There hasn't been any great announcement proclaiming the entry of Intel's newest Core i3 central processing unit, but the company's Material Declaration Data Sheets (MDDS) database has been updated.
The change to the MDDS database was made over the weekend (February 23-24), exposing the existence of a new chip.
Called Core i3-3250, it seems to be the fastest Core i3-series unit that Intel has ever made, though the number of cores is no higher than two.
There isn't an official specifications sheet anywhere, so we can't say for certain what the unit can do, but the database does mention the chip as using an Ivy Bridge-M-2 core.
That means there are two cores inside, leading to four logical cores (or threads) in Microsoft's Windows operating system.
CPU World has provided some preliminary technical details, though none of them has been confirmed as of yet.
The two cores supposedly run at 3.5 GHz and have 3 MB of L3 cache shared between them. HD 2500 integrated graphics are part of the die as well.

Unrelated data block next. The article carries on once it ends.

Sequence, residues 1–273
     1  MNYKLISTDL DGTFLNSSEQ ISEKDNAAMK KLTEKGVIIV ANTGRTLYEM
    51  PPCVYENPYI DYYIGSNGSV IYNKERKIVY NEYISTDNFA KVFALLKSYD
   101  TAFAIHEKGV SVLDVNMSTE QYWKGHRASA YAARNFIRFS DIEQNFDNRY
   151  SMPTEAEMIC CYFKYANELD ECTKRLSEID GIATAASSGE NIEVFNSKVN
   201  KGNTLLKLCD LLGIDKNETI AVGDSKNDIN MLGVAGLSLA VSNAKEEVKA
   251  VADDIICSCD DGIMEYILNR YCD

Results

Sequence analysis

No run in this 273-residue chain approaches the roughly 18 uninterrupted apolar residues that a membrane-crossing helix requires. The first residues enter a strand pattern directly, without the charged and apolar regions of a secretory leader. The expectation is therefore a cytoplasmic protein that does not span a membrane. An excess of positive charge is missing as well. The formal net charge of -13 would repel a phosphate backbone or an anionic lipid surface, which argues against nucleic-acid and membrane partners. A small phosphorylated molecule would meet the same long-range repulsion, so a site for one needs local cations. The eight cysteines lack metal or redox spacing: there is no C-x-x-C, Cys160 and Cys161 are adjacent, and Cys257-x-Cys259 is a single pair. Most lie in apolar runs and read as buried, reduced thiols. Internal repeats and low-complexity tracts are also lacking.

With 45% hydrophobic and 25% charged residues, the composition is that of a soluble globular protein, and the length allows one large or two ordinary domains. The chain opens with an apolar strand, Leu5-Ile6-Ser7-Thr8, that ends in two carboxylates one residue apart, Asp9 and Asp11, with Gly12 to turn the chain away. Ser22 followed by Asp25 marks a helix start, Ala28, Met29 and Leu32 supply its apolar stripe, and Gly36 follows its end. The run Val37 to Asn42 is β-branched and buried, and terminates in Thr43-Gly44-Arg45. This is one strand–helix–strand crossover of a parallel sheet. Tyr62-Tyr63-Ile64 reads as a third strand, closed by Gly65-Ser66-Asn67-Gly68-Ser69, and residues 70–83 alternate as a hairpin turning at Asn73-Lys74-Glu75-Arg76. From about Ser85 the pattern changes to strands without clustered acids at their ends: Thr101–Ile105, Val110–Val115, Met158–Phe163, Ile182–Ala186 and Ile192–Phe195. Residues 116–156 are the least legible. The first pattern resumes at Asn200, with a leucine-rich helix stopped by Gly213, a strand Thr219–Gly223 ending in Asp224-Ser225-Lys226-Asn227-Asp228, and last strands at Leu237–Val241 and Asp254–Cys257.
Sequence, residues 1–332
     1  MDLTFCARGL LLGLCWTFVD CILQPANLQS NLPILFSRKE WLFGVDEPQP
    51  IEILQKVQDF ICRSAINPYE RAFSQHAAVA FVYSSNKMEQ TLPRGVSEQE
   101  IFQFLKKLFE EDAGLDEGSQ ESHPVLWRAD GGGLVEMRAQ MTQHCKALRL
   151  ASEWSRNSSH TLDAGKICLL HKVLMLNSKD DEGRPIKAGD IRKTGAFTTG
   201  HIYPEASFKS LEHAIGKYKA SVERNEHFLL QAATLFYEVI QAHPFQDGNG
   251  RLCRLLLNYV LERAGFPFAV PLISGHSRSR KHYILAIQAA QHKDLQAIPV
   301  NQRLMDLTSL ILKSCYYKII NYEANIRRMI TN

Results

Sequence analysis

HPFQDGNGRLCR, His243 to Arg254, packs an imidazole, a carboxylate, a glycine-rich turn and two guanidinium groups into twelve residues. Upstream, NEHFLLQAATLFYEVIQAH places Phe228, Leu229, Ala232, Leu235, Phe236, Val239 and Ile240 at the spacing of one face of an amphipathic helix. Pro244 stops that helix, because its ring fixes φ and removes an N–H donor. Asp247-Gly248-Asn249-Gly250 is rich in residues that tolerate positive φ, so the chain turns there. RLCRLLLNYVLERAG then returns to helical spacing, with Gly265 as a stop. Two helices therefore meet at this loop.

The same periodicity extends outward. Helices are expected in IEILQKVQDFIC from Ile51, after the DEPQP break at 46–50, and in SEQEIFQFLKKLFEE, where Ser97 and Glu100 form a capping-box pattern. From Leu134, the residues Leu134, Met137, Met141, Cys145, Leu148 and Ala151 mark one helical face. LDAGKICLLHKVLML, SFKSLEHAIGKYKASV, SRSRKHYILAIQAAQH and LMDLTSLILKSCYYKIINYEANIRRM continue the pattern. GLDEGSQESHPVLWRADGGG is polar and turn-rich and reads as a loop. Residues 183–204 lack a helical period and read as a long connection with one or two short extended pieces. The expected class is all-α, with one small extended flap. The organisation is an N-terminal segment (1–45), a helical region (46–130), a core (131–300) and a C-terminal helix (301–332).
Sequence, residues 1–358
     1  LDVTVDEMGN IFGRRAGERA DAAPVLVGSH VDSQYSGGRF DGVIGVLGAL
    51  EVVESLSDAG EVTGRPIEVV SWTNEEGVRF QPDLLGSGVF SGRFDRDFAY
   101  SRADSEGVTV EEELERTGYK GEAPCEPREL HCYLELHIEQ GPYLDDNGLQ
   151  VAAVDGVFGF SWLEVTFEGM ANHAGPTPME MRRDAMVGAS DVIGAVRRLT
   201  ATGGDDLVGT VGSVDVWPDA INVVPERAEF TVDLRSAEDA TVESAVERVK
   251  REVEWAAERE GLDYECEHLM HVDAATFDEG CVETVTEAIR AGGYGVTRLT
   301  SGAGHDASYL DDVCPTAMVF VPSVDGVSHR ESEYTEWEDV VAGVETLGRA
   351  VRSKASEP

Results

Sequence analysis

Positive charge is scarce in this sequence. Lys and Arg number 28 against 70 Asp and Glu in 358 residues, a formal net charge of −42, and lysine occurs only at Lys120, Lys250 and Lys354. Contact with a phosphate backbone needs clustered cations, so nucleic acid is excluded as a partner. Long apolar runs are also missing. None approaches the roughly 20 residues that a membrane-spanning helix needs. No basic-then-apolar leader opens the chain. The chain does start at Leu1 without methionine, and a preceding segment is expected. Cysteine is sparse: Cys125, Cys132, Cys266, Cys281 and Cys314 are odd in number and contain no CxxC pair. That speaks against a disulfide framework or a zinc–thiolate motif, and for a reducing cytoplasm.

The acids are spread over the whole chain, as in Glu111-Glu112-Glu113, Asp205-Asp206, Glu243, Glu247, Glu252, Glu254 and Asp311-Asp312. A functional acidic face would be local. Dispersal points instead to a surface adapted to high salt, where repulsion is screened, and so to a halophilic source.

Overall, the chip is a fairly common piece of work, though one that will cast a slightly larger shadow than its peers. The TDP (thermal design power) is of 55 Watts, which is decent enough.
As for the socket, since this is a desktop Ivy Bridge unit, LGA 1155 must have been used, making it compatible with platforms the likes of ASRocK H61TM-ITX.
We don't know when the chip will become available. One might even be correct in saying that it hasn't even been introduced yet, regardless of what the MDDS says.
The box part number of the new central processing unit is, or rather will be, BX80637I33250. At this point, Chipzilla only really needs to launch some mid-range or lower-performance Core i3 units to fill the gap between the series and Pentium.